In the 100 odd safaris that we have undertaken over years there have not been a single
instance of tiger charging though -tigers passed by , looked back at us straight into the eyes but never charged! Youtube videos may show Charger (Bandhavgarh) , Fateh (Rantambore) charging gypsies or tigress from Kaziranga jumping onto an elephant to attack (it was stressed being separated from her cubs) but these are incidents which are few and far amidst the innumerable safaris where people relish tiger sighting from close by and yes the gypsies they use are open !”Man-Eater” may not be the right word to describe a tiger after all and in its latest standard operating procedure released last year NTCA has discarded the use of word “man-eater” for conflict tigers!

Tigers are Ferocious and Cruel

A ferocious beast that sometimes kills its own kind and doesn’t show any emotions-usual
beliefs associated with a tiger! But at Tadoba we heard and witnessed the remarkable
struggle of a tiger mother Maya desperately trying to save its young from other bigger male tigers. Same behavioural pattern is observed at other forests like Ranthambore ,
Sunderbans where tigress lures away the intruding male to protect the young. There are
male tigers who kill others’ cubs to force the mother to mate again or fight with other males to establish territory but is this trait enough to make it cruel? What can we say when we hear about Zaalim (T25) (misnomer for sure) taking care of the cubs after their mother died at Ranthambore? Isn’t this emotional bonding puts it at par with us, humans? In the same forest, we have witnessed Aurangazeb (T57) being tolerant of the cubs of his partner Noor (T39) -the cubs belonged to Ustaad (T24) who was moved away after being labelled as “man-eater”. At Bandhavgarh, a tiger acted as babysitter for his siblings (who belonged to separate litter from his mother) when his mother left for hunting .(The Babysitter of Bandhavgarh, Kim Sullivan 2012)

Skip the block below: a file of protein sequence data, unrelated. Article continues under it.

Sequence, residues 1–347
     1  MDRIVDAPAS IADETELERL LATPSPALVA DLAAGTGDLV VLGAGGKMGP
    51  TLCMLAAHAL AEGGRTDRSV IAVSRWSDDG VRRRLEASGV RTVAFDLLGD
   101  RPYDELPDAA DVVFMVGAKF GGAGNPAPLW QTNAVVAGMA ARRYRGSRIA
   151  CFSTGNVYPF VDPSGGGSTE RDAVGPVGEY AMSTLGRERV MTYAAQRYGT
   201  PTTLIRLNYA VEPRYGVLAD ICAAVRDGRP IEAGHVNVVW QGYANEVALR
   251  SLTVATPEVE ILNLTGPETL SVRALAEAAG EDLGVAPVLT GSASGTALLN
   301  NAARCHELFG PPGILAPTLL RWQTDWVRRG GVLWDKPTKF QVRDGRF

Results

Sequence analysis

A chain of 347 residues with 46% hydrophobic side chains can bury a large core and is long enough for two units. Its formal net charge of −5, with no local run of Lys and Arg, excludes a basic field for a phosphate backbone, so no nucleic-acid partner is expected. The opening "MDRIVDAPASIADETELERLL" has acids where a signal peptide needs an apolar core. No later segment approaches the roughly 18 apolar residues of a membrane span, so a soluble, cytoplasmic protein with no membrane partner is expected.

We understand there are emotions or feelings that spread through the tiger society but are probably invisible to human eyes. Bandhavgarh guides or old-timers would tell you about Charger calling for his mate Sita after she disappeared one day or at Pench you would hear about the story of Collarwali and Raiyakassa being together for more than 4 years building the foundation of future generation of tigers. Whether you want it to call it “love” or wait for more examples is entirely your discretion but tiger society probably is more than just being synonymous to simple ferocity or cruelty.

Collarwali with cubs

Picture: Love between a Mother and her cub

Tiger Hunting

Every time a tiger stalks its prey and sets a target , it is successful. Well not really. Within
the forests, the tiger has to hunt in complete cover and silently move as close as possible to its prey – there is a short burst of speed before the tiger catches its prey and kills finally by strangulation. How many times is this event successful for a particular individual? Wildlife biologist George Scaller researched to find that out of 20 attempts only one such attempt is successful – a mere 5% of the hunts is successful ! Tiger conservationist Valmik Thapar estimated same to be 10% . So most hunts end in failure unlike the usual notion of “sure success” . We discussed about what hunger can do a tiger -well it drove four tigers to form a coalition (sisters from the same litter) and kill together. The story of Telia sisters from Tadoba belies the usual theory that tigers kill and eat individually. May be they still do most of the times but then Valmik Thapar did record an incident of nine tigers on a nilgai kill (led by famous Padmini tigress ) at Ranthambore and not all were related to each other at Ranthambore.